LOS ANGELES – Evidence continues to mount that in the new era of thrombectomy treatment for selected acute ischemic stroke patients outcomes are better when patients go directly to the closest comprehensive stroke center that offers intravascular procedures rather than first being taken to a closer hospital and then needing transfer.
, presented a modeled analysis of data collected in a registry on 236 real-world U.S. patients who underwent mechanical thrombectomy for an acute, large-vessel occlusion stroke following transfer from a hospital that could perform thrombolysis but couldn’t offer thrombectomy. The analysis showed that if the patients had instead gone directly to the closest thrombectomy center the result would have been a 16-percentage-point increase in patients with a modified Rankin Scale (mRS) score of 0-1 after 90 days, and a 9-percentage-point increase in mRS 0-2 outcomes, Dr. Mueller-Kronast said at the International Stroke Conference, sponsored by the American Heart Association.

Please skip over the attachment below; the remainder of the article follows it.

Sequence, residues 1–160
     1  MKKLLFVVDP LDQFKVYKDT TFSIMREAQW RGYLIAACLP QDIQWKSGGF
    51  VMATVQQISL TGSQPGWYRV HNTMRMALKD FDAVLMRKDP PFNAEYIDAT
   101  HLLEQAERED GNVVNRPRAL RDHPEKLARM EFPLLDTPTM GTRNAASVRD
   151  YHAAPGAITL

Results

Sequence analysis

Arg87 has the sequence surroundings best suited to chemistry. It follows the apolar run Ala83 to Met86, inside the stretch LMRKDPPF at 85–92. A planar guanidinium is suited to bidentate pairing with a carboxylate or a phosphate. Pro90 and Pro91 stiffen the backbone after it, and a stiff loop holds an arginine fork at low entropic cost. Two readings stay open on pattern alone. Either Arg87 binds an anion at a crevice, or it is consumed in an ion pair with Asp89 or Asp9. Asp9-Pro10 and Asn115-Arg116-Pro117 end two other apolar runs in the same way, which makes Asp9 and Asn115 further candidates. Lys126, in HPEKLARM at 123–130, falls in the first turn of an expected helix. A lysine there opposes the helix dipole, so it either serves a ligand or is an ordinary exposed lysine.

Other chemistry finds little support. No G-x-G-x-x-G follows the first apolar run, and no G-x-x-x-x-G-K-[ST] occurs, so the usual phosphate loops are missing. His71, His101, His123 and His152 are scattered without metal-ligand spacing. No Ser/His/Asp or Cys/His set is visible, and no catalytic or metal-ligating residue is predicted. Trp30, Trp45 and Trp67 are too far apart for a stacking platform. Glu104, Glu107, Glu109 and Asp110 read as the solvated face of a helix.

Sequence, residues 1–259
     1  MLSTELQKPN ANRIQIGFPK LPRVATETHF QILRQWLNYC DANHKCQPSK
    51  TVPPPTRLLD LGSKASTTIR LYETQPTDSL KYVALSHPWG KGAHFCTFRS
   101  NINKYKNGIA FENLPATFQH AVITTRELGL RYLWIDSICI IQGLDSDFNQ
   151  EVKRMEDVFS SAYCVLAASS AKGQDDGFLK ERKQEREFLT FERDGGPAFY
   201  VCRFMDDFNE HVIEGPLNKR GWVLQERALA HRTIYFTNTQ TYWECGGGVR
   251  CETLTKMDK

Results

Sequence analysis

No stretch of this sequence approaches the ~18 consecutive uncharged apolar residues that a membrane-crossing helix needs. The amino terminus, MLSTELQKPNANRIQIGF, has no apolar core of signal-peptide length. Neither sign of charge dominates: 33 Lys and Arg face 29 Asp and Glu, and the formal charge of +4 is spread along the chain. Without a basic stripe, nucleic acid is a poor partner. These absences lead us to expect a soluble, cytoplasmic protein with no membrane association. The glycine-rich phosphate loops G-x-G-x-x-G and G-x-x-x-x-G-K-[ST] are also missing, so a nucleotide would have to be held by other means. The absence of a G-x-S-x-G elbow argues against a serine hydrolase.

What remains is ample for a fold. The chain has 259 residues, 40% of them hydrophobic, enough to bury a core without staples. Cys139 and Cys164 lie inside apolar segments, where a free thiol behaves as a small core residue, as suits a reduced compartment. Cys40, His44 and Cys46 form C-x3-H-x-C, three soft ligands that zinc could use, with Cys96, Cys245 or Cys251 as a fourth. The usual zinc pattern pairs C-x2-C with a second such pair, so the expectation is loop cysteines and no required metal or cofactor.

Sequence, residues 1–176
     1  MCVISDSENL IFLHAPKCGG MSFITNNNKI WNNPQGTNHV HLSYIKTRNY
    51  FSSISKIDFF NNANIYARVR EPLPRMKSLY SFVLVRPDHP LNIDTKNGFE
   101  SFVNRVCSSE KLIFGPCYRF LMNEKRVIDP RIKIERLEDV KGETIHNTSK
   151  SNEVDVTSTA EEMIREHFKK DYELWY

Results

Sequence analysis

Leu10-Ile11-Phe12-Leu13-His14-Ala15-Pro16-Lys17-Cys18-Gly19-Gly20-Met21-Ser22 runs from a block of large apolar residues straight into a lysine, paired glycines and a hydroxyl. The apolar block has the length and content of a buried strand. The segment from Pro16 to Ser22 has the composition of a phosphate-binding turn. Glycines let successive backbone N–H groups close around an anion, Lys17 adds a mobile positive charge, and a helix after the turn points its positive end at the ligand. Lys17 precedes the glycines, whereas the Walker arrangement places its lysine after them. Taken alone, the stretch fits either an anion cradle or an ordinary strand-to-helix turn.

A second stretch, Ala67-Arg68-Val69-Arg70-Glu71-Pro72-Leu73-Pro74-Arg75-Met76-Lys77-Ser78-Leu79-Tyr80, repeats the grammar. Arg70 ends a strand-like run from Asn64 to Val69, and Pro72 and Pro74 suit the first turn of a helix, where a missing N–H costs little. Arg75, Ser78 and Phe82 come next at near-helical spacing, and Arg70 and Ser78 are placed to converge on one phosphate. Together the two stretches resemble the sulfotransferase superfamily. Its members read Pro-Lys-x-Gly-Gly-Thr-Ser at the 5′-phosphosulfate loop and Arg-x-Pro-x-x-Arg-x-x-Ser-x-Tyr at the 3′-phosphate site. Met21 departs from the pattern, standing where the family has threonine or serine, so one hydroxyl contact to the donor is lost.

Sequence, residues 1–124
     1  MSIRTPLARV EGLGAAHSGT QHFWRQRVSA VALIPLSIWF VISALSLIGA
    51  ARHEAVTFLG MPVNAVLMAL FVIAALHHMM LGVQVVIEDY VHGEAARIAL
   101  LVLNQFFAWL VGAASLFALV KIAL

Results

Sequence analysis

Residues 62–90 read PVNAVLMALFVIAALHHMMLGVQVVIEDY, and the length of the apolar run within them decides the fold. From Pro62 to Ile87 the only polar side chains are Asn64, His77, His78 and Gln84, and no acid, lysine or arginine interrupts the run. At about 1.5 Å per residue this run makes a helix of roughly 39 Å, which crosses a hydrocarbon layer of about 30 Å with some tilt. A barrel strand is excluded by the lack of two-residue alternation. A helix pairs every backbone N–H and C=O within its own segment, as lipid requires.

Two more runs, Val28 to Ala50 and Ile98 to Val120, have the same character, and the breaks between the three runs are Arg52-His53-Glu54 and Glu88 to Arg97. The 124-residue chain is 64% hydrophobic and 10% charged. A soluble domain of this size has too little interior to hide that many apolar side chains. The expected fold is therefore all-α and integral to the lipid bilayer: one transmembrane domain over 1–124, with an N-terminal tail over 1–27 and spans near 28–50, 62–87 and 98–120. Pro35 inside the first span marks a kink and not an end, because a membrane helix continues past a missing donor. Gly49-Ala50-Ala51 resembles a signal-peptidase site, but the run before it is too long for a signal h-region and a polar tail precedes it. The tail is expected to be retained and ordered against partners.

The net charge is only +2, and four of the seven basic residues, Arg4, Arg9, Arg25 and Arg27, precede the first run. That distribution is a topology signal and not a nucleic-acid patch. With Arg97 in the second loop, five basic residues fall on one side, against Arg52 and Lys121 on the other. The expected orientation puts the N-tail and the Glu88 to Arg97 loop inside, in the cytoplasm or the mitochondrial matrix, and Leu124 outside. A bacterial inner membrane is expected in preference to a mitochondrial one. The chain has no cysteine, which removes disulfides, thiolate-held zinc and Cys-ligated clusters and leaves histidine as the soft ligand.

Theused data from the Systematic Evaluation of Patients Treated With Stroke Devices for Acute Ischemic Stroke ( ) registry, which included 984 acute ischemic stroke patients who underwent mechanical thrombectomy at any one of 55 participating U.S. sites ( ). A previously-reported analysis of the STRATIS data showed that the 55% of patients taken directly to a center that performed thrombectomy had a 60% rate of mRS score 0-2 after 90 days, compared with 52% of patients taken first to a hospital unable to perform thrombectomy and then transferred ( ).